"How long have we lived like this?" Elbryan asked Belster. "How many months have we spent in the forest, fighting and running?"

"Too many," Belster replied.

"Indeed," said the ranger. "And in that time, I have come to understand much. I know why you are mistrusting, Master Gingerwart," he said bluntly, turning from Symphony to stand directly be-fore the man. "Before Pony and I arrived, you were one of the unquestioned leaders of this band."

"Do you imply that I cannot see the greater good?" Tomas asked. "Do you believe that I would place my own desire for power above - "

"I speak the truth," Elbryan interrupted. "That is all."

Tomas nearly choked on that proclamation.

"You are fearful now, and so you should be," the ranger went on, turning back to his horse. "Anytime one in your position of great responsibility senses a change, even a change that appears to be for the good, he must be wary. The stakes are too high."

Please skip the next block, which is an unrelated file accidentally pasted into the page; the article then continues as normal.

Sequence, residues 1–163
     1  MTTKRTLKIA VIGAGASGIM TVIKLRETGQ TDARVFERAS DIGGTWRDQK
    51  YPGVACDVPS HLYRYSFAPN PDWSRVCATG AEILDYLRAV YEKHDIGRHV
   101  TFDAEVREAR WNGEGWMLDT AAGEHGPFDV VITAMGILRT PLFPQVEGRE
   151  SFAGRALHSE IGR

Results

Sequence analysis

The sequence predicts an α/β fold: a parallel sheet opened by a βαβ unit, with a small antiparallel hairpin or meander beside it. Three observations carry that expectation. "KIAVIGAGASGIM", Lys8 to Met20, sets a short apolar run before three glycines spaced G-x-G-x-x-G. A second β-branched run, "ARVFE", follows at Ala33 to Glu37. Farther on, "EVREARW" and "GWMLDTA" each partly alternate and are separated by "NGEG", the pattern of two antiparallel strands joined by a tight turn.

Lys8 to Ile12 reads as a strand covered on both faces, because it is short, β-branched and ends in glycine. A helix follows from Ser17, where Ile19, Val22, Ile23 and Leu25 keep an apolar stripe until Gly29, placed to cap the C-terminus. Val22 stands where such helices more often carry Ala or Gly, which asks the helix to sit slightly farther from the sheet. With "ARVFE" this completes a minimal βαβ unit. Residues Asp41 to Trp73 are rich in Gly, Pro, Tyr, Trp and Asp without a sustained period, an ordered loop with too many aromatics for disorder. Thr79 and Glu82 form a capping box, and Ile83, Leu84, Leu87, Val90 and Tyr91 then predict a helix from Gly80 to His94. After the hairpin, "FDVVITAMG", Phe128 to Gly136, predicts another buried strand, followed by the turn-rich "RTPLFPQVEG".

Belster hid his smile as he studied the change that came over Tomas. The ranger's simple reasoning, honesty, and straightforward manner were truly disarming. Tomas' agitation had passed its peak now, with the man visibly relaxing.

"But understand," Elbryan went on, "that I, and Pony, are not your enemies, nor even your rivals. We will help out where we may. Our goals, as are your own, are to rid the land of the dactyl's evil minions, even as we helped rid the world of the demon itself."

Tomas nodded, seeming somewhat placated, if a bit confused.

"Will the man live?" Belster asked.

"Pony was hopeful," the ranger replied. "Her work with the hematite is nothing short of miraculous."

"Let us hope," Tomas added sincerely.

The ranger finished tending to Symphony soon after, then sought out Pony and the wounded man. He found them under the shelter of a lean-to, the man sleeping comfortably, his breathing steady and strong. Pony was asleep, too, lying right across the man, one hand still holding tight to the soul stone. Elbryan thought to take the hematite and try to do some healing of his own on Shamus Tucker, but changed his mind, reasoning that sleep might be the best cure of all.